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Hellenistic Trends in Palestinian Judaism, Lawrence H. Schiffman, Reclaiming the Dead Sea Scrolls, Jewish Publication Society, Philadelphia, 1994.

300px-Ben_Sira-300x260During the two centuries before the Maccabean Revolt (168–164 B.C.E.), the new amalgamation of Hellenic and native cultures severely challenged the traditional Jewish way of life. However, that confrontation had differing effects both within Palestinian Jewish society and throughout the country.

The Jewish group least affected by the process of Hellenization was the peasantry, who visited the cities mainly to sell their produce or to make religious pilgrimages to Jerusalem. In the cities they certainly came into contact with more Hellenized Jews and with non-Jews. Yet their language and culture remained Hebraic, and Hellenism’s influence on them was restricted largely to the use of Greek words for the various new items they encountered. On the whole, these common people had no intention of abandoning their ancestral way of life for the new cultural symbiosis.

The situation of the urban masses was very different. Although artisans and traders lived in predominantly Jewish cities, the extent of their contact with the Greek world was much greater than that of residents in rural areas. Literature such as the Book of Ben Sira (Ecclesiasticus), parts of which were found at Qumran and Masada, testifies to the moderate influence of Hellenistic culture on traditional and pious Jews in the early second century B.C.E.

The urban population found itself forced to use the Greek language simply to be understood. Increasingly, throughout the third and second centuries B.C.E., Hellenism exercised a greater and greater influence on architecture and cultural life even among traditionally pious Jews. Certain aristocratic families connected closely with the priesthood were more Hellenized than most other Jews in these cities, perhaps as a result of their greater contact with the wider Hellenistic world or for political and economic reasons.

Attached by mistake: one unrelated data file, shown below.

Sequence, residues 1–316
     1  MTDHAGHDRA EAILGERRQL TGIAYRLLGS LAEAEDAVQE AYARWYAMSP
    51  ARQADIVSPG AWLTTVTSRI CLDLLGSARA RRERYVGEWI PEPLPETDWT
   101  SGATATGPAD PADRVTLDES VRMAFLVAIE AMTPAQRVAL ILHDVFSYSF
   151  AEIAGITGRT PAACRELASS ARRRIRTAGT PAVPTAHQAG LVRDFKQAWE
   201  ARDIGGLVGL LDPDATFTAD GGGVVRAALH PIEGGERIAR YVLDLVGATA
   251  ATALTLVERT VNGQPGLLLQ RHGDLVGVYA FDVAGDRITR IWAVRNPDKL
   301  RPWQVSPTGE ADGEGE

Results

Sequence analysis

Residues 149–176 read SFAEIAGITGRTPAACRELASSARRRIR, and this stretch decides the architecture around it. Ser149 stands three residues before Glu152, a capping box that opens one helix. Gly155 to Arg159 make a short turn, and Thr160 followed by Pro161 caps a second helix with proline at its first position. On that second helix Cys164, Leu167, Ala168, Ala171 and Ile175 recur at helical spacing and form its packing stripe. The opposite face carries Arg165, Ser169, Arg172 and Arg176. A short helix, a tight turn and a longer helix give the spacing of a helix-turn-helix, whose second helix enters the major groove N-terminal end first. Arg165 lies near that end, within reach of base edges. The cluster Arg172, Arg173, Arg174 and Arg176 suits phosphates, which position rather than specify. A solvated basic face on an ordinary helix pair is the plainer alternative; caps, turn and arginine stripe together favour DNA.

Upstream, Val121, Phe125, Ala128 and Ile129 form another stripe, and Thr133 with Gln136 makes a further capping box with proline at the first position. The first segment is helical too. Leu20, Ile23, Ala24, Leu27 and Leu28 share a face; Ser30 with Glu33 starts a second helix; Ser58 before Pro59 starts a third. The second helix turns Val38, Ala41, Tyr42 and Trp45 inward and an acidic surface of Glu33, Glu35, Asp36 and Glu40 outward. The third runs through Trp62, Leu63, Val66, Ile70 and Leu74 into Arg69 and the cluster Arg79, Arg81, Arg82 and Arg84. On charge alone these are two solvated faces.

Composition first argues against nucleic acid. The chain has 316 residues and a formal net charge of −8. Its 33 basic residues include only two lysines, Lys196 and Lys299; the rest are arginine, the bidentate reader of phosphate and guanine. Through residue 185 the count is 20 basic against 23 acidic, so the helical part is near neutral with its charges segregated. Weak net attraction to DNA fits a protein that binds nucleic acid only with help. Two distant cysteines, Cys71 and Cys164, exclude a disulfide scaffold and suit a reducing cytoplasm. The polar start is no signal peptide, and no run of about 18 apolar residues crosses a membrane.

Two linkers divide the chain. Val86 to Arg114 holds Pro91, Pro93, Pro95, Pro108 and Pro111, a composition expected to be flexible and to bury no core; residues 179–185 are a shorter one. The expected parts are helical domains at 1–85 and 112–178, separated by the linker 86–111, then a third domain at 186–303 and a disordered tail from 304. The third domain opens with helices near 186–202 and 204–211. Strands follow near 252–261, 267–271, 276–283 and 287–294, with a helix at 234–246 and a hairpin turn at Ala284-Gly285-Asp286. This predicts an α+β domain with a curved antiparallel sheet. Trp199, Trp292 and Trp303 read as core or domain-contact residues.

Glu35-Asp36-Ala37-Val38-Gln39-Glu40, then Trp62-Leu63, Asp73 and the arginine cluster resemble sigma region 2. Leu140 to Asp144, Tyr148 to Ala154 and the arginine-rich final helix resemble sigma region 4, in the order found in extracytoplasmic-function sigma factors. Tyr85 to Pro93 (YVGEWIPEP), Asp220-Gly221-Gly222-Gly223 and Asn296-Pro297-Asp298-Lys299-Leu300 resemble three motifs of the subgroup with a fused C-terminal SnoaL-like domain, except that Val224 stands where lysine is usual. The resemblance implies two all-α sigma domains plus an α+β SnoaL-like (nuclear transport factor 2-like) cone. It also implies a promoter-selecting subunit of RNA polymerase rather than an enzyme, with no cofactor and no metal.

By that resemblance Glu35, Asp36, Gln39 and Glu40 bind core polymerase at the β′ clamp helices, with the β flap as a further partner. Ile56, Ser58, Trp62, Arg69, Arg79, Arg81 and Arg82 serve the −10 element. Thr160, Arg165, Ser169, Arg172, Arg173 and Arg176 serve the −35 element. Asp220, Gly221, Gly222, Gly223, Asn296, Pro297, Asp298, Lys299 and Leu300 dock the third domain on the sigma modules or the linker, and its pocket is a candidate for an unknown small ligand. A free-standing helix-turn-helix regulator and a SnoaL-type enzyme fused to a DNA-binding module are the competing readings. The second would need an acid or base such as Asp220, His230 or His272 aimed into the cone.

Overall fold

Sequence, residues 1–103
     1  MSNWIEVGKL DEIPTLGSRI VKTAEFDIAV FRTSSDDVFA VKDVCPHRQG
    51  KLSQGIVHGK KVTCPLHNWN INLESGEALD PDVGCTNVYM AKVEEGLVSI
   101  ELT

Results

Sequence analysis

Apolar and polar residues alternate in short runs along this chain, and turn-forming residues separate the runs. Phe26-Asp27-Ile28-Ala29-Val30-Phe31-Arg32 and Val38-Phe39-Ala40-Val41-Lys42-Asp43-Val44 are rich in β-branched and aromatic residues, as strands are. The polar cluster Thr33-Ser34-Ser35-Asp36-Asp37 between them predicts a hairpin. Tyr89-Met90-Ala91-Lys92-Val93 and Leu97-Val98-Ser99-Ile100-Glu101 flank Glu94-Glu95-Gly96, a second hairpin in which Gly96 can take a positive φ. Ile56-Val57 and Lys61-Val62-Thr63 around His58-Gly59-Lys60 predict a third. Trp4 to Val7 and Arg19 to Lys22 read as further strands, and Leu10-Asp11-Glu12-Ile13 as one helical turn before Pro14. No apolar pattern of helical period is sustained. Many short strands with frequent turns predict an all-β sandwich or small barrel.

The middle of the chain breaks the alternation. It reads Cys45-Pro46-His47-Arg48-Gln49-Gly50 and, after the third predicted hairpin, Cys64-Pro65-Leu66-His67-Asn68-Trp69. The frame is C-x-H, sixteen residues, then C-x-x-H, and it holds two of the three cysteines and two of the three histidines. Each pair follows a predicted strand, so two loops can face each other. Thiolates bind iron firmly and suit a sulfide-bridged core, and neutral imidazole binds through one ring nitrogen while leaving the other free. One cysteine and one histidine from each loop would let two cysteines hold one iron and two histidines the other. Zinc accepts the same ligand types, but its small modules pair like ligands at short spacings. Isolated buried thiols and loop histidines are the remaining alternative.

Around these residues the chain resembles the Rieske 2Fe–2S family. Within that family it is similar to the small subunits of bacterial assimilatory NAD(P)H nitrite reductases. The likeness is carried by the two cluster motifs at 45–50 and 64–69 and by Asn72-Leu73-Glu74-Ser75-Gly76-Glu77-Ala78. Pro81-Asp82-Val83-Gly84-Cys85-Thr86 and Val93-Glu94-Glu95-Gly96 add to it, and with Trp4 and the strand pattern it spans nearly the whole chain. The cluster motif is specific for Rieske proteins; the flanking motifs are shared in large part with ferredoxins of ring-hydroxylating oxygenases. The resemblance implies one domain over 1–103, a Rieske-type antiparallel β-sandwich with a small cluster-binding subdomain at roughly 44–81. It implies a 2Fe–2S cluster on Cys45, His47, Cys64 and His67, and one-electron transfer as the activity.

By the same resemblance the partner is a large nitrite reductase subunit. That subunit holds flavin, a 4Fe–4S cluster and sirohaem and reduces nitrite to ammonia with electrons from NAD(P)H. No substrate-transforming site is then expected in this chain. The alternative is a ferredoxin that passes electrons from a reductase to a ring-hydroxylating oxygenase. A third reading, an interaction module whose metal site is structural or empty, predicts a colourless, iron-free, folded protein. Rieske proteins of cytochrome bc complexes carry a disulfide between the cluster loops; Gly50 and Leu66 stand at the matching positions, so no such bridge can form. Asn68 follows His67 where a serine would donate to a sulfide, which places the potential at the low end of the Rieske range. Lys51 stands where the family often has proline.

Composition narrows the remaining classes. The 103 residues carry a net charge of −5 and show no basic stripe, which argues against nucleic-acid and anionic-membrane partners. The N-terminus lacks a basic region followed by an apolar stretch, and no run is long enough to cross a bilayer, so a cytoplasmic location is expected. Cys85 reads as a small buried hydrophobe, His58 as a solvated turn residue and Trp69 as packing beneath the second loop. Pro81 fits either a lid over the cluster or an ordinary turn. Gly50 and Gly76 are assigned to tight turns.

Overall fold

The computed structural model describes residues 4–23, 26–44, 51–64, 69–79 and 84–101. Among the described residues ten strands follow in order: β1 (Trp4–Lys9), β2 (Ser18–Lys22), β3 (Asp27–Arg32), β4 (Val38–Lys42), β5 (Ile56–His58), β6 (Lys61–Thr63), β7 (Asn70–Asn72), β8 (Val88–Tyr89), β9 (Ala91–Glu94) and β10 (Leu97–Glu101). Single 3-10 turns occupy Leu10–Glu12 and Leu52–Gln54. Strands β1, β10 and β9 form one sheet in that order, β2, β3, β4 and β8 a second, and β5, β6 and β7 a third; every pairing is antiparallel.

Those Jews who were interested in an even greater form of Hellenization gravitated to the Greek cities, mostly on the seacoast and in the area later known in Roman times as the Decapolis, located in the northern Jordan valley and Transjordan. In these regions, Greek was the everyday language, and the dominant culture was Hellenistic. Such Jews compromised with the pagan cults primarily by interpreting the city liturgies as extensions of their monotheistic Judaism. Indeed, they radically reinterpreted the Jewish Scriptures to be consistent with these pagan cults. In order to ease the transition from the ancient Near Eastern life of the Palestinian Jew to the new, cosmopolitan life of the Hellenistic Jew, this Jewish group tried to remake Judaism into a subculture of the Greek cosmos.

These trends coexisted for a time within Judaean society until they came into open confrontation. Beginning in the late second century B.C.E., extreme Hellenizers of the type previously known only in the Greek cities took control of the Jerusalem priesthood and attempted to transform Jerusalem into another Hellenistic polis. This event set the stage for the Maccabean Revolt.

Pages 68-69

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